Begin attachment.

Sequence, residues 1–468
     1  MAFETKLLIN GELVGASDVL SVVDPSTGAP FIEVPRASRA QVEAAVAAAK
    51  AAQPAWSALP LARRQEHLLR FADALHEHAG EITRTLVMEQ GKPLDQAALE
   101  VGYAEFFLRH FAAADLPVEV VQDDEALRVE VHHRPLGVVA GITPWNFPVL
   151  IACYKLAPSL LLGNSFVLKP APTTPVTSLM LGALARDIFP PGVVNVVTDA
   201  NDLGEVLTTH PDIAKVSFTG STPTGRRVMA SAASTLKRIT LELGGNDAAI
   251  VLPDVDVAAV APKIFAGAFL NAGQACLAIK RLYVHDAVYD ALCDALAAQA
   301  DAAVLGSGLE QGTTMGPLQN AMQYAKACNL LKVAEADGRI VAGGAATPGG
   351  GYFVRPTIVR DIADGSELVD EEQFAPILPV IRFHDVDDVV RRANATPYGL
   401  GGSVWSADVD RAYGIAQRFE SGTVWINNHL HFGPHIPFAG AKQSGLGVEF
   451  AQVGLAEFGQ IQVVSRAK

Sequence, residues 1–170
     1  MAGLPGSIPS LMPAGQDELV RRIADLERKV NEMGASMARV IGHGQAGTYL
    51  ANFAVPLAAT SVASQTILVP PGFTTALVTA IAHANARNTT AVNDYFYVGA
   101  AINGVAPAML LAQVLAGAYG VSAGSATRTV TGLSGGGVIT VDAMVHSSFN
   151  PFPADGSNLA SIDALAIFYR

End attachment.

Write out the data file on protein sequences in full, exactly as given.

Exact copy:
Sequence, residues 1–468
     1  MAFETKLLIN GELVGASDVL SVVDPSTGAP FIEVPRASRA QVEAAVAAAK
    51  AAQPAWSALP LARRQEHLLR FADALHEHAG EITRTLVMEQ GKPLDQAALE
   101  VGYAEFFLRH FAAADLPVEV VQDDEALRVE VHHRPLGVVA GITPWNFPVL
   151  IACYKLAPSL LLGNSFVLKP APTTPVTSLM LGALARDIFP PGVVNVVTDA
   201  NDLGEVLTTH PDIAKVSFTG STPTGRRVMA SAASTLKRIT LELGGNDAAI
   251  VLPDVDVAAV APKIFAGAFL NAGQACLAIK RLYVHDAVYD ALCDALAAQA
   301  DAAVLGSGLE QGTTMGPLQN AMQYAKACNL LKVAEADGRI VAGGAATPGG
   351  GYFVRPTIVR DIADGSELVD EEQFAPILPV IRFHDVDDVV RRANATPYGL
   401  GGSVWSADVD RAYGIAQRFE SGTVWINNHL HFGPHIPFAG AKQSGLGVEF
   451  AQVGLAEFGQ IQVVSRAK

Sequence, residues 1–170
     1  MAGLPGSIPS LMPAGQDELV RRIADLERKV NEMGASMARV IGHGQAGTYL
    51  ANFAVPLAAT SVASQTILVP PGFTTALVTA IAHANARNTT AVNDYFYVGA
   101  AINGVAPAML LAQVLAGAYG VSAGSATRTV TGLSGGGVIT VDAMVHSSFN
   151  PFPADGSNLA SIDALAIFYR